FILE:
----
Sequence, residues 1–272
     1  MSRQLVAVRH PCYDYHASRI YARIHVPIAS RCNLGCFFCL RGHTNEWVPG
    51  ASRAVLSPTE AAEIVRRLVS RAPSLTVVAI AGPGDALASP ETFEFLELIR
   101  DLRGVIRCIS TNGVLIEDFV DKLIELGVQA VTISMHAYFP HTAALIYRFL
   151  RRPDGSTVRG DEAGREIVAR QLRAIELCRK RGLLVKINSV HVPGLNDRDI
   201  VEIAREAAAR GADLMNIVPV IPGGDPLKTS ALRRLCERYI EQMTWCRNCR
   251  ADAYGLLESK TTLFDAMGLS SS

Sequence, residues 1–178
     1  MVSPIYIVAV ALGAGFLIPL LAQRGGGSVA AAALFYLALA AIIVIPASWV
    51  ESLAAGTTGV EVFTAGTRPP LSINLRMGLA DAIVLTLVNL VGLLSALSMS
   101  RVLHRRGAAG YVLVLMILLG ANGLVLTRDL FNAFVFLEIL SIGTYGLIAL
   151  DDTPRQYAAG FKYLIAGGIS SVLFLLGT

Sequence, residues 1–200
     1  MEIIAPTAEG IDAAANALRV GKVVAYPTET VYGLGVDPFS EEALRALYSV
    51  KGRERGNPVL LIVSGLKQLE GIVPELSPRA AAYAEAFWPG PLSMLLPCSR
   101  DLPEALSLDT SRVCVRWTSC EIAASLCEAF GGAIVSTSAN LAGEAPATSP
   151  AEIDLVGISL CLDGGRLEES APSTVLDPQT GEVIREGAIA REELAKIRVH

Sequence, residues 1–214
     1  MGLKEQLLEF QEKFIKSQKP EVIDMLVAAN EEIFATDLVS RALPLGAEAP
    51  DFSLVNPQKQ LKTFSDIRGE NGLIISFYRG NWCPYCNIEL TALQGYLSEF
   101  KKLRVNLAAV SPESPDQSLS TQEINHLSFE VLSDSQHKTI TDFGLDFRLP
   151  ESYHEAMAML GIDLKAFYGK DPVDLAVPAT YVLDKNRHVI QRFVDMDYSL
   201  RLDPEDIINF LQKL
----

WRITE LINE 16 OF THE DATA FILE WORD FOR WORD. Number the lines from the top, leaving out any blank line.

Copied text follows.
   101  DLPEALSLDT SRVCVRWTSC EIAASLCEAF GGAIVSTSAN LAGEAPATSP